The lens implant of this invention is inserted or implanted as follows. As seen in FIG. 6, an incision is created with the incision being shorter than would normally be required As seen in FIG. 7, the implant is inserted into the incision so that the notch 26 receives one end of the incision which permits the implant to be implanted through a shorter incision than normally required. The implant 10 is rotated or pivoted about that end of the incision which is received by the notch 26 and the implant 10 is pivoted or rotated utilizing the one end of the incision as a fulcrum or pivot point. As the lens implant 10 is rotated from the position of FIG. 7 to the position of FIG. 8, the fixation member 20 is compressed as illustrated in FIG. 8. Rotation of the lens implant is continued until the entire implant is received within the capsular bag. FIG. 9 illustrates the lens implant in its implanted condition.
FIG. 10 illustrates a modification of the invention and is referred to generally by the reference numeral 100. Lens implant 100 includes a disc-shaped lens body 102 which may bed of a convex-plano, convex-convex, or any other convenient configuration. Lens implant 100 is provided with a ring-shaped position fixation member 104 extending therearound which is connected to the lens body 102 by a pair of opposed posts 106 and 108 as illustrated in FIG. 10. Preferably, lens body 102 has a diameter of 6 millimeters but the same can be between 4.0 and 8.0 millimeters. Preferably, the diameter of fixation member 104 is 10.5 millimeters but the same can vary between 8.0 millimeters and 13.0 millimeters. The lens implant is provided with a notch 110 which extends into post 108 although the notch 110 could extend into the post 106 if desired. Notch 110 performs the same function as notch 26 is the embodiment described in FIGS. 1-9. During implantation, notch 110 in implant 100 would receive one end of the incision in an identical fashion to that just described.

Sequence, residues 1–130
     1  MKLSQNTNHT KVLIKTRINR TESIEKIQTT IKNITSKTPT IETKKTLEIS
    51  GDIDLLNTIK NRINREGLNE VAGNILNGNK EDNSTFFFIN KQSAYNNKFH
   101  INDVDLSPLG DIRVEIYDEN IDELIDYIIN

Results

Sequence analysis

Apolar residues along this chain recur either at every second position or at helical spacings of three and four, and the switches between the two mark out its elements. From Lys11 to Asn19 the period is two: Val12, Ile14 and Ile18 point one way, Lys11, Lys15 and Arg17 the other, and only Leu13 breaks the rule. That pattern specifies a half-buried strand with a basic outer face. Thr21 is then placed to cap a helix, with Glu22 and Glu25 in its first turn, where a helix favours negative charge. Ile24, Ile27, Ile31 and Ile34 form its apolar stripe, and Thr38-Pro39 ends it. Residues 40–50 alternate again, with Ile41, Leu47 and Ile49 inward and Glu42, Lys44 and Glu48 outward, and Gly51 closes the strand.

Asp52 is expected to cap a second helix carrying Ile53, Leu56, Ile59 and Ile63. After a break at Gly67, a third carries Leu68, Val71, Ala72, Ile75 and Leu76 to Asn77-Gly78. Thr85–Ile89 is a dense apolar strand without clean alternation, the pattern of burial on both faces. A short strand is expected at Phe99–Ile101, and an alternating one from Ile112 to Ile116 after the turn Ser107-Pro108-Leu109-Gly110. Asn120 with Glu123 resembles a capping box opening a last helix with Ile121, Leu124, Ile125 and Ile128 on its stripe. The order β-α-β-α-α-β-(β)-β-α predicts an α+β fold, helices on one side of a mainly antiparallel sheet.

Thus it can be seen that a novel lens implant has been provided which enables the implant to be inserted through a shorter incision than normally required due to the fact that the notch 26 or notch 110 is provided and is adapted to receive one end of the incision as previously described.
The substantially 360° engagement of the lens implant with the interior of the eye ensures that the implant will remain in position even if accidentally jarred or struck. Thus it can be seen that the implant of this invention accomplishes at least all of its stated objectives.
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|Citing Patent||Filing date||Publication date||Applicant||Title|
|US5571112 *||8 Jul 1994||5 Nov 1996||Joseph DeVenuto||Method and apparatus for inserting an intraocular lens|
|US7179292||14 Mar 2003||20 Feb 2007||Ophtec B.V.||Intraocular lens for implantation in an eye and instrument and methods for insertion of such a lens|
|US7416561||2 Sep 2005||26 Aug 2008||Ophtec B.V.||Intraocular lens for implantation in an eye and instrument and methods for insertion of such a lens|
|US8758434||6 May 2010||24 Jun 2014||Novartis Ag||Intraocular lens|
|US20040015235 *||14 Mar 2003||22 Jan 2004||Ophtec B.V.||Intraocular lens for implantation in an eye and instrument and methods for insertion of such a lens|
|US20050288683 *||2 Sep 2005||29 Dec 2005||Ophtec B.V.||Intraocular lens for implantation in an eye and instrument and methods for insertion of such a lens|
|US20060004445 *||2 Sep 2005||5 Jan 2006||Ophtec B.V.||Intraocular lens for implantation in an eye and instrument and methods for insertion of such a lens|
|US20080161912 *||2 Jan 2007||3 Jul 2008||Alcon, Inc.||Intraocular Lens|
|US20100217386 *||6 May 2010||26 Aug 2010||Scott James M||Intraocular lens|
|Cooperative Classification||A61F2/16, A61F2/161, A61F2002/1683|
|11 Apr 1994||FPAY||Fee payment|
Year of fee payment: 4
|12 May 1998||REMI||Maintenance fee reminder mailed|
|18 Oct 1998||LAPS||Lapse for failure to pay maintenance fees|
|29 Dec 1998||FP||Expired due to failure to pay maintenance fee|
Effective date: 19981016